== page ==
I Was The Victim Of Parental Alienation, And This Is What It’s Like

The most damaging story was my father raped her, she had to marry him. One day my father and I had a big fight, in anger I blurted out what she said. The truth was on his devastated face. My father was a bastard but he went to his grave without saying one negative word about my mother. 

It’s sad when a parent focuses on turning a child against the other, not thinking about what the child needs. One of the hardest times in a child’s life and all the energy is faulting the other parent, sad.  M


Parental alienation is a hot topic right now, particularly among separated or divorced parents, but there are a lot of misconceptions of what it actually is.

In fact, if you ask Christine Hammond, MS, LMHC, she says, “There is hardly a day that doesn’t go by in my counseling practice where someone brings up the concept of parental alienation.” However, according to her, the term is often misused.

According to Hammond, “Parental alienation occurs when one parent encourages their child to unfairly reject the other parent.” Now, this might seem pretty clear-cut, but it’s actually far more complicated than one parent asking their child who’s their favorite: mom or dad? And it can result is some pretty nasty side effects, such as unwarranted fear, hostility, and/or disrespect toward one parent while displaying signs of loyalty, unconditional trust, and/or empathy toward the other.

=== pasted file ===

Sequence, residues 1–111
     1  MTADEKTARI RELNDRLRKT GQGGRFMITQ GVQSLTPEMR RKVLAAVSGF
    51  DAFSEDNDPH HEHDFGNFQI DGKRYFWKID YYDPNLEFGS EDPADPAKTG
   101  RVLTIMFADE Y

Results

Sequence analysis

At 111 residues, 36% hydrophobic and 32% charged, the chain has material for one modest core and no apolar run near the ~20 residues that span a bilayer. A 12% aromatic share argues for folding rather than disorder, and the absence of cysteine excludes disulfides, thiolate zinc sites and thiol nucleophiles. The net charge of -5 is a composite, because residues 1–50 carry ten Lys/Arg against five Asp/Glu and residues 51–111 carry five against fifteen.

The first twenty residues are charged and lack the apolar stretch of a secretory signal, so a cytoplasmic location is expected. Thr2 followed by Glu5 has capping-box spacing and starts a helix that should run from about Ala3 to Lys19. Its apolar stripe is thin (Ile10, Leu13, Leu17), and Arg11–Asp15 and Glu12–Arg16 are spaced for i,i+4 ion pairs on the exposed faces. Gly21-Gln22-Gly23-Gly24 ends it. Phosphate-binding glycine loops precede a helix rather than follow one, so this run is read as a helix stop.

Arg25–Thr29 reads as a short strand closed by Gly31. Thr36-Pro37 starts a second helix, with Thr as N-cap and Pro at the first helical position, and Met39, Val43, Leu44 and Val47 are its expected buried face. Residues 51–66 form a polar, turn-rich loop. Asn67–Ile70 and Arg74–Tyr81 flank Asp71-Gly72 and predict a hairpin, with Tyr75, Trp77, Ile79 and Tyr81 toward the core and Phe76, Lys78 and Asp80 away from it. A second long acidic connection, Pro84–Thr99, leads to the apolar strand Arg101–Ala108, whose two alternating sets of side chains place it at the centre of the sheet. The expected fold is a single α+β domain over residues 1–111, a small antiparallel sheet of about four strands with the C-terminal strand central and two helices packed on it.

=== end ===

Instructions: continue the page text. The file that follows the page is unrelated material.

Parental alienation boils down into three categories:

First, there is naïve alienation.

This is when one parent tries to alienate the child from the other parent through passive-aggressive comments. For instance, when my mother would say, “Your dad makes more money than me, so he can buy you a bike.” While this was probably true, I was only 10, and her comments caused a rift between me and my father when he didn’t buy me a bike.

While this all seems pretty subtle, passive-aggressive comments towards the other parent can add up and create long-term problems. Other examples could be a parent saying something like, “Your father doesn’t work, so she can attend your parent teacher conference. He obviously has the time.” Or “I bet your mother could help with that. She studied English and needs to use it for something.”

The second category is active alienation.

This is when one parent actively tries to alienate one parent by creating feelings of loyalty. For example, one parent might try to get their child to keep secrets from the other. Like when I discovered that my father was writing child support checks, making copies to use in court, and then throwing the checks away without sending them to my mother. He asked me to keep that a secret. I was 11, and felt that I owed it to him to keep quiet (yes, my father was a sleaze-bag, but that’s another essay).

Now, according to Hammond, what my father did by asking me to keep his secret was create a “private bond from which the child learns to withhold parts of their life from the other parent.” Not a good way to raise a child, right?

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